GOP Congressional Delegation: Whatevs, Cory Gardner

Clockwise from top left: Sen. Cory Gardner, Reps. Ken Buck, Doug Lamborn, and Scott Tipton.

As Colorado Public Radio’s Caitlyn Kim reports, the march to passage of the Great American Outdoors Act, which passed the U.S. Senate with wide bipartisan support and Sen. Cory Gardner’s earnest election-year blessing, went a little sideways yesterday after all of Colorado’s Republican members of Congress voted against the bill:

Republican Reps. Ken Buck, Doug Lamborn and Scott Tipton all voted against the bill, which represents one of their Republican Senate colleague’s biggest wins in office.

Buck praised his friend Gardner’s work on the measure but said he couldn’t vote for it. While “laudable” in its goal, Buck said, “this bill will convert the LWCF’s funding stream to mandatory funding, much like Medicare and Social Security spending, which will allow this program to continue expanding in perpetuity.”

And that’s not all, Cliven Bundy!

Buck added he has concerns that LWCF will be used to purchase more land and prevent other uses on it, from recreation to mineral development.

“The federal government already owns 35.9 percent of Colorado, and controls 28 percent of the total landmass of the United States — this bill gives the federal government even more power to control land and set federal standards,” he said. [Pols emphasis]

Kind of curious, isn’t it? The exact thing the Great American Outdoors Act principally does, provide a permanent funding stream for the Land and Water Conservation Fund, is the heart of the problem for Colorado’s Republican congressional delegation! The 105 Republicans who voted against the bill were not enough to stop it, of course, and the next stop is President Donald Trump–who after allegedly being sweet-talked with outlandish comparisons to Theodore Roosevelt by Gardner intends to sign it.

The opposition of all of Gardner’s GOP colleagues in the House naturally gives rise to questions on the right about Gardner’s conservative bonafides, which is already a problem for Gardner evidenced in tepid support from Gardner’s own Republican base. As for the positives for Gardner in taking credit for this bipartisan legislation, sure–it gives him something to talk about with swing voters. But any goodwill Gardner manages from this bill is offset and then some by the much greater dissatisfaction with Republicans on the part of voters motivated by environmental issues.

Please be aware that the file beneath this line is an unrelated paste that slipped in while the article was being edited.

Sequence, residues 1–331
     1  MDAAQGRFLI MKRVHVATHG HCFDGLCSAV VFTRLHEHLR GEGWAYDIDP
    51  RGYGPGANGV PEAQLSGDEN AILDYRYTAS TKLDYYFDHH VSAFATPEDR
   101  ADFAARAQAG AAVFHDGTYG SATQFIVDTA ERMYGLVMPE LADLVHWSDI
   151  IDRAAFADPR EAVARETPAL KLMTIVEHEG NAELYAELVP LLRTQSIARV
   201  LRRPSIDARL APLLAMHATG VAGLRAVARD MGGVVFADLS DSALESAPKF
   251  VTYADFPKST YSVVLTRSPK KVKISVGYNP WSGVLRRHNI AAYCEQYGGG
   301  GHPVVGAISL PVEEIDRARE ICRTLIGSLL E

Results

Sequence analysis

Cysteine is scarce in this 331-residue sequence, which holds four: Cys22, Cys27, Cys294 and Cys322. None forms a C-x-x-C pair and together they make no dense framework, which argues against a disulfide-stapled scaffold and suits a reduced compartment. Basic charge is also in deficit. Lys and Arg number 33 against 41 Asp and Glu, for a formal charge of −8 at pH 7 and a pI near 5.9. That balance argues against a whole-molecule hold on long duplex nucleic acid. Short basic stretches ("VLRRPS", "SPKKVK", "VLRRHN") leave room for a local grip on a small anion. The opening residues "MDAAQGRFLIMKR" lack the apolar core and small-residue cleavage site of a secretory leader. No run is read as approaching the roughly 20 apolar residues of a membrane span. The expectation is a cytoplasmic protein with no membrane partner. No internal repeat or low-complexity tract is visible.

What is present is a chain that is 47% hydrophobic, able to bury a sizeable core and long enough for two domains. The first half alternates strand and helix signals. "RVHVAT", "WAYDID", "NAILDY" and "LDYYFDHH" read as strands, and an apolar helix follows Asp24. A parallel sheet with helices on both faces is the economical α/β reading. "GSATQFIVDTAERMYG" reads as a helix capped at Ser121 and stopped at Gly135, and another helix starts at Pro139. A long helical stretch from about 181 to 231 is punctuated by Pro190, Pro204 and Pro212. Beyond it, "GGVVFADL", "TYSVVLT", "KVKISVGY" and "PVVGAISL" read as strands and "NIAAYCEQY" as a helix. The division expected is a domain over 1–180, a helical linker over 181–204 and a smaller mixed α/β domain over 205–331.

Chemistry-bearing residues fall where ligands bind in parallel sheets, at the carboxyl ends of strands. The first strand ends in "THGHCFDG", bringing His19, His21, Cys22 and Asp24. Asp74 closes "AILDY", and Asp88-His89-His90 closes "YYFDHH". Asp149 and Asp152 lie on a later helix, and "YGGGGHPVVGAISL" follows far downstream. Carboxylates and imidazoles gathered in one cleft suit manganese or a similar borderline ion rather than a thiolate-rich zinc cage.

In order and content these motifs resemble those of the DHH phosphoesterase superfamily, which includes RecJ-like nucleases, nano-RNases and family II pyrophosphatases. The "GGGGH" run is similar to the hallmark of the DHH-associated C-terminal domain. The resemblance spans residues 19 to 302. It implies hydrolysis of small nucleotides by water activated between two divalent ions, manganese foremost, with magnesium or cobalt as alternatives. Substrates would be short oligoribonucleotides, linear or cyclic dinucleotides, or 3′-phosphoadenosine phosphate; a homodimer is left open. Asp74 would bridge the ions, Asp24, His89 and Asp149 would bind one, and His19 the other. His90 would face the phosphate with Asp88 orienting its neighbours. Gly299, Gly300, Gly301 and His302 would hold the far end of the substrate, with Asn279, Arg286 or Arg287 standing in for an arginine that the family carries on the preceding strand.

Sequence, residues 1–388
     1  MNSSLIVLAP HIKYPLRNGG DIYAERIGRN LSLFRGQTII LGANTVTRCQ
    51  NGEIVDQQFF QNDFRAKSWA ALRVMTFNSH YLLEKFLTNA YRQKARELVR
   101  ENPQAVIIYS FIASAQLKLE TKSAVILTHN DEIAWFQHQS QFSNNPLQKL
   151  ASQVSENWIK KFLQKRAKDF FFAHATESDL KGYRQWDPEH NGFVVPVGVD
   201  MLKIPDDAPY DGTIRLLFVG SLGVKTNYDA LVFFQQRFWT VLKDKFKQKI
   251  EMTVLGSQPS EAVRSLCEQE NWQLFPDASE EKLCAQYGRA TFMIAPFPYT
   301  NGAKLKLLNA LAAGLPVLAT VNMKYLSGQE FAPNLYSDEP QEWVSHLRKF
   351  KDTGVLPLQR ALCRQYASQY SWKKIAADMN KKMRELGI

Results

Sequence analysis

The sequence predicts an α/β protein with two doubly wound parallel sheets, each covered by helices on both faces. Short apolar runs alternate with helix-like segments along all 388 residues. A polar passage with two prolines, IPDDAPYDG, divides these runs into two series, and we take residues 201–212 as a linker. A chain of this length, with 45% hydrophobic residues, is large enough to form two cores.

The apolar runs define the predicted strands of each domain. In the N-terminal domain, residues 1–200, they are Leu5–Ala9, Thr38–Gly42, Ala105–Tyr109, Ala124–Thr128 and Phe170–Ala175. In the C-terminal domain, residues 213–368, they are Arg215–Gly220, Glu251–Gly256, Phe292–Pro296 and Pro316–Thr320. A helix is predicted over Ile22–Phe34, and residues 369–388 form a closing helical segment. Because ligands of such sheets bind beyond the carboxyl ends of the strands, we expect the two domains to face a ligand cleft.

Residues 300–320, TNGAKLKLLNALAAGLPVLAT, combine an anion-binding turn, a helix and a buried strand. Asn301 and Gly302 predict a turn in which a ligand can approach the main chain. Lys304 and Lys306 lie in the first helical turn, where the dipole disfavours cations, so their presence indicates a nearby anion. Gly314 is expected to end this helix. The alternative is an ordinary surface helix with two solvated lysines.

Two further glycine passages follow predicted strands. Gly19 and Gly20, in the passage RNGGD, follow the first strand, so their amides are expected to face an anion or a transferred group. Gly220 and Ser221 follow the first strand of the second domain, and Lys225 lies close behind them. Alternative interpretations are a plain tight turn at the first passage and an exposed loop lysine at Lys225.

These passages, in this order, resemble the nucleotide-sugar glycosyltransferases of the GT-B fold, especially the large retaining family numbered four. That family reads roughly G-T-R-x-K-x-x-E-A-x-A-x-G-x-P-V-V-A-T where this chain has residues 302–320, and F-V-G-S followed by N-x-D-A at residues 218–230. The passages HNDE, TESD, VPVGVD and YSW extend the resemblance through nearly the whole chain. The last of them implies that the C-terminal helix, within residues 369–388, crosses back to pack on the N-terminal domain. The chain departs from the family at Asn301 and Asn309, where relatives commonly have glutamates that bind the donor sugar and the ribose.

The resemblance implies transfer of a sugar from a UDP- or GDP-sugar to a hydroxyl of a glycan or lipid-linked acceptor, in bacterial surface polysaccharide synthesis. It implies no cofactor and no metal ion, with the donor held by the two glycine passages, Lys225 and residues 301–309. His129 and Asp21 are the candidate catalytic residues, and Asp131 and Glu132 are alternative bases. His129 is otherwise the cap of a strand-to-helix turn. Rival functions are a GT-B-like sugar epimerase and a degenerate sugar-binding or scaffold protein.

For good or ill, Reps. Ken Buck, Doug Lamborn, and Scott Tipton kept it real.

And “keeping it real” makes Cory Gardner look bad every time.

15 Community Comments, Facebook Comments

  1. gertie97 says:

    It looks like Tipton is mailing it in.

  2. Conserv. Head Banger says:

    Ken Buck: "the federal government……..controls 28 percent of the total land mass of the United States……"

    Gee, is Ken Buck OK with the millions of acres owned by the Pentagon for military bases and training ranges?

    • kwtree says:

      CHB, and other public lands experts, please weigh in on this.

      I was looking at Lauren Boebert’s website, when I came across this really bewildering press release (downloadable pdf) decrying Negeuse and Degette’s “land grab”.

      The bill in question HR6395, appears to be standard D o D appropriations. There are two amendments; Negeuse’s ( makes permanent the mining prohibitions on land around the Grand Canyon. Degette’s amendment designates some Colorado land as Wilderness areas, but specifies that the military can do fly-overs.

      So JohninDenver, I guess we do know where Boebert stands on public lands; she’s agin them.

      • Duke Cox says:


        Perhaps she is one of these people.

        The wise use movement in the United States is a loose-knit coalition of groups promoting the expansion of private property rights and reduction of government regulation of publicly held property.

        from- Wikipedia

      • Conserv. Head Banger says:

        @kwtree: “Bubbles” Boebert is way out of touch. The lands in both bills have been thoroughly vetted with locals for many years, and vetted for potential for other uses like O & G development, hard rock mining, etc. The statewide conservation community began looking at wilderness potential for BLM lands as far back as 1982 when the first trip guide was published. A more detailed guide to BLM lands was published in 1993. I have a friend in the statewide community who was testifying on BLM wilderness potential in the 1970s, before I arrived in CO in early 1981.

        And there is no “land grab” as mentioned by Ms. Bubbles. The lands in question are already federal, with perhaps a very small amount of state land.

        Check out Duke’s Wikipedia link to learn about those far right wingers who are part of the “Wise Abuse” movement.

        The overflights are for high altitude military training.

        • kwtree says:

          Thanks for the info, CHB. 
          So I wonder which donor(s) prompted this sudden close reading of the Defense Appropriations Act by Boebert? 

          Heretofore, all her press briefings have been either “Guns4all.!” “Masks R Tyranny!” Or “Yay Me!”

          • Conserv. Head Banger says:

            You’re welcome. Maybe Pete K. can weigh in more on the public lands issues. Pete has been a staff person with a conservation group and actually working on public lands whereas I’m just been an unpaid activist.

  3. JohnInDenver says:

    Has someone asked Ms. Boebert which side she’d be on? 

    Which side are you on boys?
    Which side are you on?
    Which side are you on girls?
    Which side are you on?

    They say in Garfield County
    There are no neutrals, see.
    You’ll either back outdoor lands
    Or side with Mr. Pendley.

    maybe someone can improve the rhyme … V?”

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